ON this hallowed day in American politics, the New Hampshire primary, the top three contenders for the Republican nomination are bunched near the lead in most tracking polls. Who will win is anybody's guess.
But certain points are already clear: Sen. Bob Dole and firebrand commentator Pat Buchanan will keep going after New Hampshire, whether or not they win. Former Tennessee Gov. Lamar Alexander needs to do reasonably well in the Granite State - say, with percentage points in the high teens or low 20s - to convince potential donors that he deserves their money. Post-New Hampshire, his campaign finances are precarious.
Even if no candidate wins a decisive victory in New Hampshire, where each one finishes is crucial.
''Winning is winning, even by a point; winning is always a meaningful thing in New Hampshire,'' says William Schneider, a political analyst at the American Enterprise Institute who's in New Hampshire watching the action for CNN. Since the first New Hampshire primary in 1952, no Republican has lost here and won the party's nomination.
''If Dole wins [here], he's the nominee,'' Mr. Schneider says. ''If Alexander wins, he's the nominee if stories about his [personal] finances don't hurt him down the road.''
If Mr. Buchanan wins, he won't be the nominee, Schneider adds, because his appeal isn't broad enough to win a majority of delegates. And the majority of the party will coalesce to fight him. But if the populist commentator does win New Hampshire, say analysts, the No. 2 finisher in New Hampshire becomes key: He will become the stop-Buchanan candidate.
The GOP apparatus will do everything it can to make sure Buchanan is not the nominee, viewing his protectionist, isolationist views as outside the Republican mainstream. Charges of racism, fueled by the recent suspension of two campaign officials over their links to white supremacists, have also heightened Buchanan's negatives in polls and made him all the more unappealing to a majority of Republicans.
The weekend endorsement of Dole by Sen. Phil Gramm (R) of Texas - until last week a candidate himself and frequent critic of Dole's - is but one indication of how the Republican apparatus is pulling out all stops to make sure Buchanan doesn't win New Hampshire or the nomination. When Senator Gramm quit the race, he said he wasn't prepared to endorse anyone. But the party prevailed on him to act now.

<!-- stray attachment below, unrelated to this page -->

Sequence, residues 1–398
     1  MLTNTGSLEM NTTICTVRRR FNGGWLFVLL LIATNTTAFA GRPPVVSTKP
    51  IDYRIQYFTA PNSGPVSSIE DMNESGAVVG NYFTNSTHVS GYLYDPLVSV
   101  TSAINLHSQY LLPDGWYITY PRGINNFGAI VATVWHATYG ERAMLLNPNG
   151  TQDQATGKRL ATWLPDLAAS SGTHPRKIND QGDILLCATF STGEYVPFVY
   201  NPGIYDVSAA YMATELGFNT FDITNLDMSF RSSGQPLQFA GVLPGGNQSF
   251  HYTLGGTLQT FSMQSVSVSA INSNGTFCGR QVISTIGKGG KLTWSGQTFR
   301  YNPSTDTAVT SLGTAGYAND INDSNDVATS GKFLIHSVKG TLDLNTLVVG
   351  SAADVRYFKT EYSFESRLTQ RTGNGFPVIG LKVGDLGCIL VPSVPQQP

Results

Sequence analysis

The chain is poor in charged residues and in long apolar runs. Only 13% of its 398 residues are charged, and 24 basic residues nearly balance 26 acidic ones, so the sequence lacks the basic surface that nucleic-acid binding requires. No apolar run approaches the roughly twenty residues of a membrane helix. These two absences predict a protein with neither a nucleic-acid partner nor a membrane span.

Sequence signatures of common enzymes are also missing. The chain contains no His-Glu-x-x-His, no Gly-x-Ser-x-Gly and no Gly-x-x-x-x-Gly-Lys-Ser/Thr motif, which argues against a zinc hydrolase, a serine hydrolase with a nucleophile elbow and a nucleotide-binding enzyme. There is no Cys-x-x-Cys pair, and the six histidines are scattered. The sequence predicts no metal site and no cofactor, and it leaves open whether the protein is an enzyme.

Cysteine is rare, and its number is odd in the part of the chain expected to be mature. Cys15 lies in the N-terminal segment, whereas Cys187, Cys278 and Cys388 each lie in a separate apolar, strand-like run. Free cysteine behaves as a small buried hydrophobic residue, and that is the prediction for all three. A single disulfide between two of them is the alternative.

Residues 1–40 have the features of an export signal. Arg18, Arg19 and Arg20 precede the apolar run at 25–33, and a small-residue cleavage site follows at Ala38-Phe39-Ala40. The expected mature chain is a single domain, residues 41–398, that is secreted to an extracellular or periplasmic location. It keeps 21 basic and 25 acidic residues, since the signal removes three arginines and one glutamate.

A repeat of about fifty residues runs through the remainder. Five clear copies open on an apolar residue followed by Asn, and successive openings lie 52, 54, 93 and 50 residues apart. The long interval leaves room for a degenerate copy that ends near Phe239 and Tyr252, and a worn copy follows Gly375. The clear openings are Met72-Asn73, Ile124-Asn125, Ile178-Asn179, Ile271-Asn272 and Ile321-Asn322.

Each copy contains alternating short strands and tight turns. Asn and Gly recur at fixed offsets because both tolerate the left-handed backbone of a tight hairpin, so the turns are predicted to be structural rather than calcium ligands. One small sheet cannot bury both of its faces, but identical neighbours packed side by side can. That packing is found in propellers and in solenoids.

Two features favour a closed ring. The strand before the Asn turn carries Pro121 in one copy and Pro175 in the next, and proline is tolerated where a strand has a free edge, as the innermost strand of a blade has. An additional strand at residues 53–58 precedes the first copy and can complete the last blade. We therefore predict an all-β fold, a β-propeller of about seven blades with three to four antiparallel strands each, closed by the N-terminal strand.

Not that endorsements are the be-all and end-all. Dole already has the backing of 24 of the nation's 31 Republican governors, and still doesn't light any fires under GOP voters. But the party regulars are doing everything they can to carry their man across the finish line.
If Mr. Alexander, who finally has some momentum and a more youthful image than Dole, pulls an upset, it will put party leaders heavily banking on Dole in an awkward spot. But, says one analyst, ''they'll figure out a way to shift their weight toward Alexander.''
Jerry Carmen, chairman of the New Hampshire GOP, predicts Dole will win today. He says voters will reject Buchanan's ''dangerous extremism'' and realize that Alexander ''is just another Clinton.'' But he hedges.
''Buchanan might win in New Hampshire because the vote could be so split,'' says Mr. Carmen. ''But Buchanan is not going to get the nomination. The Republican Party will not accept what he says.''
''I'm one of those who believes Dole doesn't have to win in Iowa or New Hampshire, because it goes on,'' Carmen adds. ''If you recall, back in 1976, when Reagan almost beat Ford up here, that race went on until it was settled. If Alexander doesn't fall by the wayside, you'd have to beat him down the line. Buchanan you will not have to beat down the line. He'll be gone by convention time.''
After New Hampshire, the primaries come fast and furious: Saturday is Delaware, a contest that most candidates have ignored out of deference to New Hampshire's pride as the first primary. Then on Feb. 27 come South and North Dakota, where Dole is expected to do well, and Arizona, where Steve Forbes - whose numbers in New Hampshire are now as flat as his flat-tax proposal - has sunk a lot of money and could be strong.
Next comes South Carolina, on March 2, the first Southern state to vote. That will be a key test of all candidates in the South, including Dole, who is expected to do well in South Carolina. According to Schneider, Dole has a lot of support among religious conservatives there, including Gov. David Beasley.
''They want to be with a winner,'' says the analyst. Alexander, a former governor of a Southern state, also needs to show he can do well in his home region. The nine primaries of Super Tuesday, March 5, could seal the nomination for one of the Republicans.
In New Hampshire, turnout could be key to the outcome. If the weather is bad, that could help Buchanan, whose base of Christian conservatives, gun owners, and blue-collar workers are highly motivated to vote, says John Pitney, a political scientist at the Claremont McKenna College in California. Professor Pitney predicts a Buchanan win in New Hampshire.
But Clark Hubbard, a political scientist at the University of New Hampshire in Durham, sees two groups of motivated voters: the Buchanan people and the upper-income, civic-minded Republicans who he says will be motivated to brave bad weather to stop Buchanan, voting probably for Dole. He notes that Christian conservatives represent only 12 to 15 percent of New Hampshire's Republican electorate and are not the dominant force they were Iowa.